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Consolidating Packet Forwarding Services
on the ADLINK aTCA-6200A Blade with the Intel® DPDK

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ADLINK Technical White Paper

Platform Integration & Validation
Embedded Computing Product Segment
ADLINK Technology, Inc.

Jack Lin, PIV Manager
Yunxia Guo, Software System Engineer
Xiang Li, Software System Engineer

In recent years, there has been a market and technology trend towards the convergence of network infrastructure to a common platform or modular components that support multiple network elements and functions such as application processing, control processing, packet processing and signal processing. In addition to cost savings and reduced time-to-market, this approach provides the flexibility of modularity and the ability to independently upgrade system components where and when needed, using a common platform or modular components in shelf systems and networks of varying sizes. In traditional networks, switching modules would be used to route traffic between in-band system modules and out-of-band systems; processor modules used for applications and control plane functions; packet processing modules used for data plane functions; and DSP modules used for specialized signal plane functions. By utilizing the Intel® Data Plane Development Kit (Intel® DPDK), Intel® x86 architecture-based processor modules can not only handle traditional processing applications and control functions, but they can also capably and efficiently perform packet processing functions.

Taking IP forwarding as a packet processing example, this white paper shows how the ADLINK aTCA-6200A blade combined with the Intel DPDK can provide the required performance and consolidate packet processing services using a single platform. First, we compare the Layer 3 forwarding performance of the aTCA-6200A blade using native Linux IP forwarding without any optimization with that obtained using the Intel DPDK. We then analyze the reasons behind the gains in IP forwarding performance achieved using the Intel DPDK. Finally, we introduce ADLINK's own development toolkit based on the Intel DPDK that allows customers to easily develop their own Intel DPDK based applications.


The ADLINK aTCA-6200A is a highly integrated AdvancedTCA processor blade with dual Intel® Xeon® processors E5-2648L (Sandy Bridge-EP, 32nm process), each of which can provide up to 8 cores and 20MB of shared cache. By enabling Intel® Hyper-Threading Technology (Intel® HT Technology), up to 16 physical threads are supported per processor. In addition, eight channels of DDR3-1600 VLP RDIMM are supported for a maximum system memory capacity of 64GB per processor. Network I/O features includes two 10Gigabit Ethernet ports (XAUI, 10GBase-KX4) compliant with PICMG 3.1 option 1/9, and up to six Gigabit Ethernet 10/100/1000BASE-T ports to the front panel, AdvancedTCA Base Interface channels and RTM Gigabit Ethernet interfaces.

The ADLINK aTCA-6200A blade has been designed for carrier-grade Security and Telecommunications applications, as well as use in network infrastructure for IMS Servers, Media Gateways, Packet Inspection Servers, Traffic Management Servers and WLAN Access Point Controllers.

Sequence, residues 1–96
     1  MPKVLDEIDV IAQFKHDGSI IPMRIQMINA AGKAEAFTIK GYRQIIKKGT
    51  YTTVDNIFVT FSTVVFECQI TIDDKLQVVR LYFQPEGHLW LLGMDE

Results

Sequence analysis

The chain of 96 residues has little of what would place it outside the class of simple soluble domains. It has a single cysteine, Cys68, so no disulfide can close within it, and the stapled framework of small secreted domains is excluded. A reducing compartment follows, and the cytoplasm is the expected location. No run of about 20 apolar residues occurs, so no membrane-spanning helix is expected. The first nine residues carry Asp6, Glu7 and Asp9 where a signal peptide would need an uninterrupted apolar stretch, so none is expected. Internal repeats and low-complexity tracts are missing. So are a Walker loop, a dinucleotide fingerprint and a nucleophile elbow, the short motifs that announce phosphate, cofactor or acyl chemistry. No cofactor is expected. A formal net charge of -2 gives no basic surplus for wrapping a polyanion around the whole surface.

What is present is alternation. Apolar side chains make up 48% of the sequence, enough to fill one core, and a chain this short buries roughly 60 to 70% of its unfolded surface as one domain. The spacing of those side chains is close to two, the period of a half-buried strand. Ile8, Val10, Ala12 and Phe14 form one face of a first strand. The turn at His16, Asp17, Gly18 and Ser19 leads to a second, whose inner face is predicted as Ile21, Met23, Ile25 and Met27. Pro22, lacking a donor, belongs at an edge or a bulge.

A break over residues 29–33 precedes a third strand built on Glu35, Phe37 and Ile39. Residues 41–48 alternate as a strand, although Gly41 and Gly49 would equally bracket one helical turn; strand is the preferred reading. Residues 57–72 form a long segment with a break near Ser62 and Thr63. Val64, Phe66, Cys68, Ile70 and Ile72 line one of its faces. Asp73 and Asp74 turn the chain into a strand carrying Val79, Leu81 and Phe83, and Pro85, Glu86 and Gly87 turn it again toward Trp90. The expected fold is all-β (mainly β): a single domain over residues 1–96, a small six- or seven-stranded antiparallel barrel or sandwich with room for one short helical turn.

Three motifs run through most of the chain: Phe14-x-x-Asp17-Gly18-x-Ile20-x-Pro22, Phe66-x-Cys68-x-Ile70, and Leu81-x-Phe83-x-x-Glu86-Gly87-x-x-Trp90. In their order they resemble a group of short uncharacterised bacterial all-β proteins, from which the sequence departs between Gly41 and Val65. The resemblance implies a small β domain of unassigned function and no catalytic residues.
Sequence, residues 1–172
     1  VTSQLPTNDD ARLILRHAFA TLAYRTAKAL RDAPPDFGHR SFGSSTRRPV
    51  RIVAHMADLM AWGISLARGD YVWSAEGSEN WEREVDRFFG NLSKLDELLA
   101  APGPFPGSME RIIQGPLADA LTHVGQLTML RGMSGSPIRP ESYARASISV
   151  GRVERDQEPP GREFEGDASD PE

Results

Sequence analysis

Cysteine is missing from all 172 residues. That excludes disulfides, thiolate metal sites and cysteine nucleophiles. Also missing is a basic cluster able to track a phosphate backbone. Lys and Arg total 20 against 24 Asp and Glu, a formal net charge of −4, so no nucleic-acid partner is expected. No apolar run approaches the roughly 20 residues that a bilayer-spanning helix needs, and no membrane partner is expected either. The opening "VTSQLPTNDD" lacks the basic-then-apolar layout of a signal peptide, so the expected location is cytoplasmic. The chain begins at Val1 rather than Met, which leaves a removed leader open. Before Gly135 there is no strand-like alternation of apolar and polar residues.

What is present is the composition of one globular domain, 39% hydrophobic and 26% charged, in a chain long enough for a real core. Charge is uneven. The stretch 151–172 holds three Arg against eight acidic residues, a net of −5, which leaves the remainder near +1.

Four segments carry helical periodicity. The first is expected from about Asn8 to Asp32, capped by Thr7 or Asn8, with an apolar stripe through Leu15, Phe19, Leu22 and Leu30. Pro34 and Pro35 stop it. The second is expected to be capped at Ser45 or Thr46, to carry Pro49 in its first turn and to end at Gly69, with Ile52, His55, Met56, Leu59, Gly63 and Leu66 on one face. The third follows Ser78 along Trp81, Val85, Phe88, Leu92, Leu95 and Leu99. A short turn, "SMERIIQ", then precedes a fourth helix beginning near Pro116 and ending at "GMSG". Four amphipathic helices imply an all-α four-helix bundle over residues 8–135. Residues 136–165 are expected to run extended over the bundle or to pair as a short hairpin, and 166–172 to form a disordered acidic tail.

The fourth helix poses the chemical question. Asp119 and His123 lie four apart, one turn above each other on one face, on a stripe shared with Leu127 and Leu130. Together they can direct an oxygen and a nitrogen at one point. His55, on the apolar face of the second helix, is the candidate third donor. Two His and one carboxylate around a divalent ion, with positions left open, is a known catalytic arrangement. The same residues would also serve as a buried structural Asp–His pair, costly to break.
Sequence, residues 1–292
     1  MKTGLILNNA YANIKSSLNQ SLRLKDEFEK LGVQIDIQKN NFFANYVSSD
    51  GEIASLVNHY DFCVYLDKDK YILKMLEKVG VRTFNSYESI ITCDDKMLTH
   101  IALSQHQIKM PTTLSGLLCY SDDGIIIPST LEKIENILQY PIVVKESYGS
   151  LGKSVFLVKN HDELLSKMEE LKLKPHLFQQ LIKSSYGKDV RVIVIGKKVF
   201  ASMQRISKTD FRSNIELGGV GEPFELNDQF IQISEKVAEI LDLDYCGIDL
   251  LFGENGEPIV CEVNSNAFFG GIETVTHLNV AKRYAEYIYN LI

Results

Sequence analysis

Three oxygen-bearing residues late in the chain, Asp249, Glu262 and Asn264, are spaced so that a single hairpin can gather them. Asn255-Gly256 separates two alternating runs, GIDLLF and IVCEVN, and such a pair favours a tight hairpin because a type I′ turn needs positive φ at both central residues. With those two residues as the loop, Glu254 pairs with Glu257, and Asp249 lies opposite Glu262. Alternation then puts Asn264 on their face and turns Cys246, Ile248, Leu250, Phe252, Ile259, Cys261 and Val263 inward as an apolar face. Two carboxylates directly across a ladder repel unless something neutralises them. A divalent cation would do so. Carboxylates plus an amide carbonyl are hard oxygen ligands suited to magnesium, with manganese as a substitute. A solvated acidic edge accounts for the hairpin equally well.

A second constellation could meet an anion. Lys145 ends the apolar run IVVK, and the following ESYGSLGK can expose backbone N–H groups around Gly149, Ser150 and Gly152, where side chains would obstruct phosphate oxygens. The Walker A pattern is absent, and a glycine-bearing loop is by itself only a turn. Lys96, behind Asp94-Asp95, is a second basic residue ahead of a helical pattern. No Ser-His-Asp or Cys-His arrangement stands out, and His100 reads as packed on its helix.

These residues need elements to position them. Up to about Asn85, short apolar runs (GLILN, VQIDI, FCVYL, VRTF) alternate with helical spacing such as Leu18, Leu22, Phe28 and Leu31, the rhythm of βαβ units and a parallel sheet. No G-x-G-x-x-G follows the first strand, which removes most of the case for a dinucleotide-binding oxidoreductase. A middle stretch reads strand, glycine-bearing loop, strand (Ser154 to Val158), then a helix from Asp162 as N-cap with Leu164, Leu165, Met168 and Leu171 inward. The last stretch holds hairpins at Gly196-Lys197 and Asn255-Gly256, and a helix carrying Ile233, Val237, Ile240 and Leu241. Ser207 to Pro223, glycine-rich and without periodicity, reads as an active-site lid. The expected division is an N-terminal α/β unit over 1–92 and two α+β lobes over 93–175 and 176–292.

The detailed architecture of the aTCA-6200A is illustrated in the following functional block diagram, Figure 1.

Figure 1: aTCA-6200A Functional Block Diagram

Intel DPDK

The Intel® Data Plane Development Kit (Intel DPDK) is a lightweight run-time environment for Intel® architecture processors, offering low overhead and run-to-completion mode to maximize packet processing performance. It provides a rich selection of optimized and efficient libraries, also known as the Environment Abstraction Layer (EAL), which are responsible for initializing and allocating low-level resources, hiding the environment specifics from the applications and libraries, and gaining access to the low-level resources, such as memory space, PCI devices, timers and consoles.

The EAL provides an optimized Poll Mode Driver (PMD); memory & buffer management; and timer, debug and packet handling APIs, some of which may also be provided by the Linux OS. To facilitate interaction with application layers, the EAL, together with standard the GNU C Library (GLIBC), provide full APIs for integration with higher level applications. The software hierarchy is shown in Figure 2.

Figure 2: EAL and GLIBC in Linux Application Environment

Test Topology

In order to measure the speed at which an aTCA-6200A can process and forward IP packets at the Layer 3 level, we used the following test environment shown in Figure 3 below.

Figure 3: IP Forwarding Test Environment

As shown in Figure 3, two ADLINK aTCA-3400 switch blades with FASTPATH® Networking Software provide non-blocking interconnection switches for the 10GbE Fabric and 1GbE Base Interface channels of all three processor blades in the ADLINK aTCA-8505 shelf, which supports a full-mesh topology. Therefore, each aTCA-3400 switch blade can provide at least one Fabric and Base interface connection to each processor blade, such as the aTCA-6200A blade (device under test) installed in slot 5.

An Ixia XM12 test system, compliant with RFC 2544 for throughput benchmarking, is used as a packet simulator to send IP packets with different frame sizes and collect the final statistical data, such as frames per second and throughput.

According to the topology of the test environment shown above, the aTCA-6200A, used as a processor blade, has four Gigabit Ethernet interfaces: two directly from the front panel (Flow1 and Flow2), and another two from the Base Interfaces (Flow3 and Flow4) via the aTCA-3400's Base switches. In addition to these four 1GbE interfaces, the aTCA-6200A has two 10GbE interfaces connected to the Ixia XM12 via the aTCA-3400 switch blade.